Honeygrow’s New Virtual Reality Training Seems Like One Big PR Stunt
There’s been a lot of buzz around Philly-based restaurant chain Honeygrow’s new employee orientation, a virtual reality (VR) program designed to foster brand consistency across the growing company’s locations. The program is the latest step in Honeygrow’s long love affair with creative technologies — the touchscreen ordering and payment system may be a fast-casual fixture now, but when owner Justin Rosenberg first launched the salad and stir-fry eatery in 2012, his method of tech integration wasn’t used as widely as it is today.
Still, some are questioning whether onboarding employees in the hands-on food service industry with VR is a worthwhile use of the trendy technology. VR has already proven itself to be colossally beneficial when used for medical training, certain therapies and other niche challenges. But as VR continues to grow, does it have a place behind food prep counters as well?
To find out, I paid a visit to Klip Collective, the experiential art/tech shop in Northern Liberties that designed Honeygrow’s VR program. Creative director Ricardo Rivera built it as an application on Google’s Pixel smartphone, which slips easily into its Daydream VR headset, which retails for under $100. After the system is explained, assembled and on my head, I was handed a small remote control (synced up with the phone) to navigate my way through the experience.
The program itself is essentially a dressed-up 360° video, opening on a shot designed to make you feel like you’re standing in the middle of an empty Honeygrow dining area. Moments later, Honeygrow CEO Rosenberg appears, first as a scratched white outline, then in full. I was so busy trying to decipher from the contours of the 360° footage whether Rosenberg was filmed inside the store or superimposed via green screen that I forgot to pay attention to the first minute of his introduction.
From there, the footage takes you through the different areas of a Honeygrow restaurant and the different prep stations behind the counter. I watched one employee measure out ingredients for a stir-fry, another boil perfect noodles, and a third toss it all together in a wok, guided throughout by a corporate buzzword-loaded voiceover and helpful cartoon arrows. After a quick tour of the kitchen and explanations of a few more employee roles like cashier and “ambassador” (or greeter), Rosenberg was back to bid me goodbye.
Most surprising to me was the fact that the program was hardly interactive, despite my previous impression that interactivity was a primary motivating factor in the creation of the training module. Aside from a short game in which you’re given three chances to properly stack fresh food on the shelves of a walk-in unit, the only interactive feature is the ability to choose the order in which different portions of the module are viewed. The food storage game, which assistant creative director Kevin Ritchie claims has been Honeygrow trainees’ favorite part of the program since its May launch, is also one of the less information-dense segments.
But here’s what really tells me the most about what Honeygrow’s goals are for their VR training: When new Honeygrow employees show up for their moment with VR, they are seated with the headset on, not in the kitchen or a manager’s back office, but directly in the middle of the dining area during the restaurant’s open hours. “They want people to ask about it,” says Ritchie. “It’s a conversation starter when the customers walk in.”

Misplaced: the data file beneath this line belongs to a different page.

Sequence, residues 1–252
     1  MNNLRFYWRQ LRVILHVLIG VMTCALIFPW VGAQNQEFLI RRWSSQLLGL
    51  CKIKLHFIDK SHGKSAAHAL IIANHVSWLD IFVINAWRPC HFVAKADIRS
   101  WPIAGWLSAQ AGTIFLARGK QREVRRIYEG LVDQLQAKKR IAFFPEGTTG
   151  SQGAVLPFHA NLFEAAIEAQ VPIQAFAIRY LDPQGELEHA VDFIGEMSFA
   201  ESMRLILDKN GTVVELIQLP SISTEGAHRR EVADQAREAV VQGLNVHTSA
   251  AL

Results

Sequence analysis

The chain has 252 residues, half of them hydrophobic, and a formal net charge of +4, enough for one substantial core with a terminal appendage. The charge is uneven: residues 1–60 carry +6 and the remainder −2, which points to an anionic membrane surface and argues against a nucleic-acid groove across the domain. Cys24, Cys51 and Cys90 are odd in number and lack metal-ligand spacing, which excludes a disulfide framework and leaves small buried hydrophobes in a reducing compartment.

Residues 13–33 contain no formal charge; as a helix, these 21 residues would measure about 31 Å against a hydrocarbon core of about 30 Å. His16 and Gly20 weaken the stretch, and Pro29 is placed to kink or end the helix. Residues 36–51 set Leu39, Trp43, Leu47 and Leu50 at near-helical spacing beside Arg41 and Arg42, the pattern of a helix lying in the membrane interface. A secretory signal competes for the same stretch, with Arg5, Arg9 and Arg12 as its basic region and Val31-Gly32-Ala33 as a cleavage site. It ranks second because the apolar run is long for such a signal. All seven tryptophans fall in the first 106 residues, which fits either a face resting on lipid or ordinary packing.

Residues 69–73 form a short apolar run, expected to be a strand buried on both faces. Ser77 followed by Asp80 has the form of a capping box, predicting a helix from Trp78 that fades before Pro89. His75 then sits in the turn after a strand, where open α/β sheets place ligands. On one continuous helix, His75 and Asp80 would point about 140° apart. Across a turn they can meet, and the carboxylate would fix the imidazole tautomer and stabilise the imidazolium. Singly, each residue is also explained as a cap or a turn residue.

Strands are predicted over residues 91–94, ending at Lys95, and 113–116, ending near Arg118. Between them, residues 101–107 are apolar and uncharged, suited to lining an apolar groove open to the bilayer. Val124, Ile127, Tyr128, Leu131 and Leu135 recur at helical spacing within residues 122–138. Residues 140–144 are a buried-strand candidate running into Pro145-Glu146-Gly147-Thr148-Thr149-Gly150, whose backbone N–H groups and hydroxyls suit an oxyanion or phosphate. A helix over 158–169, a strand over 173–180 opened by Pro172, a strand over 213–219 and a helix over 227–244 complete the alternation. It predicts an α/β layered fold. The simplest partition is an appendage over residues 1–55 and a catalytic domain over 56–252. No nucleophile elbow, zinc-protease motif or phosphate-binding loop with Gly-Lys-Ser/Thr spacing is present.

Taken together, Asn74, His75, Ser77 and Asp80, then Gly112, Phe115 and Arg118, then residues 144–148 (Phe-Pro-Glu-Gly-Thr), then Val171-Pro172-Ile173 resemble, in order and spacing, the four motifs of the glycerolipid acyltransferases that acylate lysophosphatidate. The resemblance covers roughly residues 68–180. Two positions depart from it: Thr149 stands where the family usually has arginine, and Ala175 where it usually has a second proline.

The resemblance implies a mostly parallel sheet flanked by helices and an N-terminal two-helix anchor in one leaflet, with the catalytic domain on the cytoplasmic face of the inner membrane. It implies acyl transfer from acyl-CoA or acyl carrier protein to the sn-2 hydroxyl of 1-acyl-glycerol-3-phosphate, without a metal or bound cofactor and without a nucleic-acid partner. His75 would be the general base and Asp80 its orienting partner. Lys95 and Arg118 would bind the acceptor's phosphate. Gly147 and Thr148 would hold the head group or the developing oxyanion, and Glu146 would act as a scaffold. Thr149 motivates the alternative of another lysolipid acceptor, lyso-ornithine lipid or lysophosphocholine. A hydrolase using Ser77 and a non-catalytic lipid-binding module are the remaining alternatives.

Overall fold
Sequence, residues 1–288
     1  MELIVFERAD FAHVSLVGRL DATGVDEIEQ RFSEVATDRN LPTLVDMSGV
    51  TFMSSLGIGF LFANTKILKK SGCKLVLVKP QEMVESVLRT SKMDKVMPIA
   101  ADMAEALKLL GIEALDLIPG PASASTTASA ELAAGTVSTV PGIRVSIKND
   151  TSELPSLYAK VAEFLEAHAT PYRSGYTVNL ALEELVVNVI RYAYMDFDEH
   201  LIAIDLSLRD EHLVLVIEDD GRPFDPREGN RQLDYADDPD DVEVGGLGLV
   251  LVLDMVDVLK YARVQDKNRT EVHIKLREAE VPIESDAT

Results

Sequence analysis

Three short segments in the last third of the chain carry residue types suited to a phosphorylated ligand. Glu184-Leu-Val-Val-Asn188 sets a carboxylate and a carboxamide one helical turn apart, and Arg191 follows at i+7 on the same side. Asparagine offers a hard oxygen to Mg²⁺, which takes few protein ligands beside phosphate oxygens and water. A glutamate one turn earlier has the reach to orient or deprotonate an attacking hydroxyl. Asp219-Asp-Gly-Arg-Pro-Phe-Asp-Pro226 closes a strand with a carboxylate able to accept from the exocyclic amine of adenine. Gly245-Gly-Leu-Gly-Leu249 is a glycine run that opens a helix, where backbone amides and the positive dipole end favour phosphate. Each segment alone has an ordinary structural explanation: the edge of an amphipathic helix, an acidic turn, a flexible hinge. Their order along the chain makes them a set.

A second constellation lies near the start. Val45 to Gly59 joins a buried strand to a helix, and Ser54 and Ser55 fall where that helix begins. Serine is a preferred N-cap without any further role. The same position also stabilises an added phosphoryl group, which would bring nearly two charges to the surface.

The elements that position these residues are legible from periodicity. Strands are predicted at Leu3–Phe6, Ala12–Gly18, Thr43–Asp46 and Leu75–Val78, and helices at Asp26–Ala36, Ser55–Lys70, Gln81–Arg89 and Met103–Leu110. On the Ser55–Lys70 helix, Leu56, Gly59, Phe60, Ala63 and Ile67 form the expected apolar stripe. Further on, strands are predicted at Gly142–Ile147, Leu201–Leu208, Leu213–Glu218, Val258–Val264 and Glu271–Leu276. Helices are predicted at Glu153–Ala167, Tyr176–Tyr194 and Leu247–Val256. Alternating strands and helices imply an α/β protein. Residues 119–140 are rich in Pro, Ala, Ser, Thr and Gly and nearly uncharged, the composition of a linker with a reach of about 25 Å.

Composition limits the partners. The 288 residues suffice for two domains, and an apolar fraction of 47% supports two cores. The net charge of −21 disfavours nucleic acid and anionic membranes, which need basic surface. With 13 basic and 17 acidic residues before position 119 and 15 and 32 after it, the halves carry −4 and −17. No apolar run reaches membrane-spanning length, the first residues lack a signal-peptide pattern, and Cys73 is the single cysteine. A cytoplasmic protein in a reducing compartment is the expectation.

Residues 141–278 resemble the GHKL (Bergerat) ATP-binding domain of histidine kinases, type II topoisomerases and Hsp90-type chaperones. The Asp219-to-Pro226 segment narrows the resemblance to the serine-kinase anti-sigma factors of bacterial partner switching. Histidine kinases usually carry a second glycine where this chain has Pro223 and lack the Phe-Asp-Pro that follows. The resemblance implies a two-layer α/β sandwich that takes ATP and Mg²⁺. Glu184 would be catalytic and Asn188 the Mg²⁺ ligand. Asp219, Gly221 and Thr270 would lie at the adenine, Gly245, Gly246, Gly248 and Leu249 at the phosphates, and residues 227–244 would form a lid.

But who is the conversation being started with? It certainly isn’t the new employee – they’re checked out from reality, with a headset strapped to their face. That’s got to feel pretty uncomfortable in a room full of people. I felt incredibly self-conscious while testing the program, and unlike Honeygrow trainees, I wasn’t even being watched. And let’s not forget that all that headset is really doing for the new employee sitting in the dining area is placing them in the virtual version of the exact same environment that they’re physically sitting in, albeit with some cartoons. It’s enough to make your head spin. There’s irony in the fact that the biggest difference between Honeygrow’s VR world and their real-life dining areas is that real life is, well, more real.
“Since the very beginning, when we opened our first restaurant with touch screens, people have thought of us as a technology-forward company,” Honeygrow chief brand officer Jen Denis told me. “Hopefully people will understand that we take technology seriously.” According to Denis, Honeygrow does have plans to expand upon their VR program, although she acknowledges that the possibilities for increased interactivity are limited by cost. The more interactive VR systems require a complex and larger setup, involving tech like motion-sensing cameras. “The nice thing about our VR is that it’s portable,” insists Denis. “There’s a novelty to it. We find that when people are training, the more immersed they can be, the better.”
What Honeygrow really wins from implementing VR is a new marketing strategy. For a company that prides itself on cutting-edge restaurant services, latching onto the VR craze to show off the tech to customers makes sense – and it might explain why new employees use the program out in the open.
Here’s the conversation that I’d like to see Honeygrow’s VR start: What is the potential of VR in training, particularly in the fast-casual dining industry?
VR technology is fun, engaging, and as long as it exists, companies are certainly free to do with it what they want. But to me, the true novelty of virtual reality is the ability to dive into a place or experience that isn’t immediately possible in the physical world — a technology that can make you feel like you’re walking on the moon, or allow a bedridden person to remember the feeling of attending a crowded concert.
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